Chapter 23. Familial Leukemias

  1. Prof. Dr. Heike Allgayer PhD1,
  2. Prof. Dr. Helga Rehder2 and
  3. Prof. Dr. Simone Fulda3
  1. Christa Fonatsch

Published Online: 21 AUG 2009

DOI: 10.1002/9783527627523.ch23

Hereditary Tumors: From Genes to Clinical Consequences

Hereditary Tumors: From Genes to Clinical Consequences

How to Cite

Fonatsch, C. (2008) Familial Leukemias, in Hereditary Tumors: From Genes to Clinical Consequences (eds H. Allgayer, H. Rehder and S. Fulda), Wiley-VCH Verlag GmbH & Co. KGaA, Weinheim, Germany. doi: 10.1002/9783527627523.ch23

Editor Information

  1. 1

    University of Heidelberg and DKFZ (German Cancer Research Center) Heidelberg, Medical Faculty Mannheim, Chair of Experimental Surgery, Theodor-Kutzer-Ufer 1–3, 68167 Mannheim, Germany

  2. 2

    Medical University Vienna, Department of Medical Genetics, Währinger Strasse 10, 1090 Wien, Austria

  3. 3

    Ulm University Children's Hospital, Eythstrasse 24, 89075 Ulm, Germany

Author Information

  1. Medical University Vienna, Department of Medical Genetics, Währinger Strasse 10, 1090 Wien, Austria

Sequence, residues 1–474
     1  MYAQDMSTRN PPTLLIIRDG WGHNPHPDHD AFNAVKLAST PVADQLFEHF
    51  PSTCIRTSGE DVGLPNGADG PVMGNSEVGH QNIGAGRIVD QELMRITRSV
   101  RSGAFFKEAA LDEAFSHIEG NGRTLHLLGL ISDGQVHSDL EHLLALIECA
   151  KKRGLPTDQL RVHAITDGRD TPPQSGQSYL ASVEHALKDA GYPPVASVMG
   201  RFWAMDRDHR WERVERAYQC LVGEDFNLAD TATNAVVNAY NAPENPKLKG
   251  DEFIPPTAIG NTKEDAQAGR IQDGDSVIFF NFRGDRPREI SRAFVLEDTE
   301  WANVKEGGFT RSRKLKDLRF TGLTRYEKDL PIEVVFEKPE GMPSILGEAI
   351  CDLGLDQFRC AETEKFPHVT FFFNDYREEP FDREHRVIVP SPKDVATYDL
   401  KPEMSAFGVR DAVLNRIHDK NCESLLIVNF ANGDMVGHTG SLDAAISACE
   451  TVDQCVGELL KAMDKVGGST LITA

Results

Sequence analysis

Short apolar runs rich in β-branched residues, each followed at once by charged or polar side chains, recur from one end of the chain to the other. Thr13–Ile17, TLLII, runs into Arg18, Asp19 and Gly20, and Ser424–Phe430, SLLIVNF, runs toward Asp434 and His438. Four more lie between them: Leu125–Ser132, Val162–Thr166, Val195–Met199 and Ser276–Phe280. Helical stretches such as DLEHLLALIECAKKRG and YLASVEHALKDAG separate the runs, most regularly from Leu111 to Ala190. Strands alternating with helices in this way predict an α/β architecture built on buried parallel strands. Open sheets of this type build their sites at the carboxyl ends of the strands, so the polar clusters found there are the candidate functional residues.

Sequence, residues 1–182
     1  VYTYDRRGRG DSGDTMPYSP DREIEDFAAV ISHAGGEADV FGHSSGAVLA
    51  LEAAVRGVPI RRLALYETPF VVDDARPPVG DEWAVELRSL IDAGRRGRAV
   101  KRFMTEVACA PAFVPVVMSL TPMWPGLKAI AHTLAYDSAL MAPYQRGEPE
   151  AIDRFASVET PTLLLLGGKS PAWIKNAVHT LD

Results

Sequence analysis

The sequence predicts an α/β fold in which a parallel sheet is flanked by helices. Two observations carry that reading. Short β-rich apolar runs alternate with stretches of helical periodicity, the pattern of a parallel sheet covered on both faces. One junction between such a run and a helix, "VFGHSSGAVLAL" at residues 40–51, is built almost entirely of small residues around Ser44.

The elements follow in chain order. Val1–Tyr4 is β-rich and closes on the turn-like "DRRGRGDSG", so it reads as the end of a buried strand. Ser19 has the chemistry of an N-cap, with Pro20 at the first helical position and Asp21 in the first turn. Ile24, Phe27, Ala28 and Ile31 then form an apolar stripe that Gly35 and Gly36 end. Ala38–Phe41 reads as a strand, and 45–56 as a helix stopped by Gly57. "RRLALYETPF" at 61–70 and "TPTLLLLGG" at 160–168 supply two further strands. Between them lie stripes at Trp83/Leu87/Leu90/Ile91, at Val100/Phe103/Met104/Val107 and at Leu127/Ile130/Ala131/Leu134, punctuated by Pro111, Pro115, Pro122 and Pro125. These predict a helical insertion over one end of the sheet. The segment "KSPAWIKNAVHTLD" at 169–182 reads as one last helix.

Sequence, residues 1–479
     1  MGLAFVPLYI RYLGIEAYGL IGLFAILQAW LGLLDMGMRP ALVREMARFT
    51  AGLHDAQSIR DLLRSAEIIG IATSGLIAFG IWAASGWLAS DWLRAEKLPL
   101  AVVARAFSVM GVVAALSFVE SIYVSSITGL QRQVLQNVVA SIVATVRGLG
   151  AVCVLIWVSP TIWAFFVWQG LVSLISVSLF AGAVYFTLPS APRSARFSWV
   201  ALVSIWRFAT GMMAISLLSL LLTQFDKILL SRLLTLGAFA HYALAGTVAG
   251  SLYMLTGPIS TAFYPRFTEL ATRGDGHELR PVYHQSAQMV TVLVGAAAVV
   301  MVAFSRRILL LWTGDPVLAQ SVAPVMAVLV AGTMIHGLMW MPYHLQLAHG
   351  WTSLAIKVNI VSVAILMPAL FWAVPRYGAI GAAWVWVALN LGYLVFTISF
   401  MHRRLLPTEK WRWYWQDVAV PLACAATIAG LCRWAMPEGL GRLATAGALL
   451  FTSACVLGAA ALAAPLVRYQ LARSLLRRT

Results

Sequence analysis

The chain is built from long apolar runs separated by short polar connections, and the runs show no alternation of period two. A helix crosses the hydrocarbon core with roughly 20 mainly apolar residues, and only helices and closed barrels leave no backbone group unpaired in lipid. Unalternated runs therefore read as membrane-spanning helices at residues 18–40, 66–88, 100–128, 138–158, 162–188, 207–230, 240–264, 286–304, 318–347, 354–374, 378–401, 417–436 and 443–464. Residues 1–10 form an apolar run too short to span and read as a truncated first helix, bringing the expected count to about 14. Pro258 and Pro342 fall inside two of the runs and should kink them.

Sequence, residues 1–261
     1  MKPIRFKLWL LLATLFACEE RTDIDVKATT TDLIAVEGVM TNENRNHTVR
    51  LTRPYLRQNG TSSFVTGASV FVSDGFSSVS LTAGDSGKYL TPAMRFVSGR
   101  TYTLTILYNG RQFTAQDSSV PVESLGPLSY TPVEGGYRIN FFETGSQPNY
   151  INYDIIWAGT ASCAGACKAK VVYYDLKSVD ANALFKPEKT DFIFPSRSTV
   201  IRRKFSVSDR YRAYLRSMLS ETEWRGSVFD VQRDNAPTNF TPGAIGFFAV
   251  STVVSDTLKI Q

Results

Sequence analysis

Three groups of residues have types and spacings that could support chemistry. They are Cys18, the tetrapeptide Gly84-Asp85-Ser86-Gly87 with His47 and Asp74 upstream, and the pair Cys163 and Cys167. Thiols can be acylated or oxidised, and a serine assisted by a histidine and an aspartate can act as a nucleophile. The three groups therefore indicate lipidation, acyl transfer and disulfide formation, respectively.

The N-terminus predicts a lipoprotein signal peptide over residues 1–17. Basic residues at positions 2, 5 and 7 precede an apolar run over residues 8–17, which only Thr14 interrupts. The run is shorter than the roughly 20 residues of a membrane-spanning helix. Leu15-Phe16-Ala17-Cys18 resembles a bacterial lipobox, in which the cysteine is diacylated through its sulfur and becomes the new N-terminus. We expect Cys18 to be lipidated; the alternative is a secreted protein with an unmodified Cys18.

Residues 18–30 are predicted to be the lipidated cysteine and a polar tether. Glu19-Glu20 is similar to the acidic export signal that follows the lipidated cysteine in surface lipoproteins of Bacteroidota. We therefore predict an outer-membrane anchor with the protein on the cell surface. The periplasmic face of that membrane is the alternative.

Publication History

  1. Published Online: 21 AUG 2009
  2. Published Print: 17 DEC 2008

ISBN Information

Print ISBN: 9783527320288

Online ISBN: 9783527627523

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Keywords:

  • tumor predisposition syndromes;
  • constitutional chromosome anomalies;
  • constitutional gene mutations;
  • gene polymorphisms;
  • micro RNAs

Summary

Leukemias and other hematological neoplasias are frequently observed in association with different genetic disorders, as DNA repair deficiency syndromes, tumor predisposition syndromes, immunodeficiency syndromes, cancer family syndromes, and bone marrow failure syndromes, as well as in connection with several constitutional chromosome anomalies. Recently, in families with increased leukemia incidence, constitutional mutations have been identified in genes that are also affected by somatic mutations in sporadic leukemias. In addition to these high penetrance mutations, gene alterations with a low penetrance and polymorphisms seem to predispose to leukemia and/or modify the clinical course of the leukemia. Predisposing and modifying polymorphisms can be found in genes involved in cell proliferation, apoptosis, DNA repair, detoxification, and so on. A novel class of small RNA molecules, the so-called microRNAs, also play a role in cancer and presumably in leukemia pathogenesis. The findings on constitutional genetic alterations predisposing to leukemia start to close the gap between inborn and acquired genetic diseases.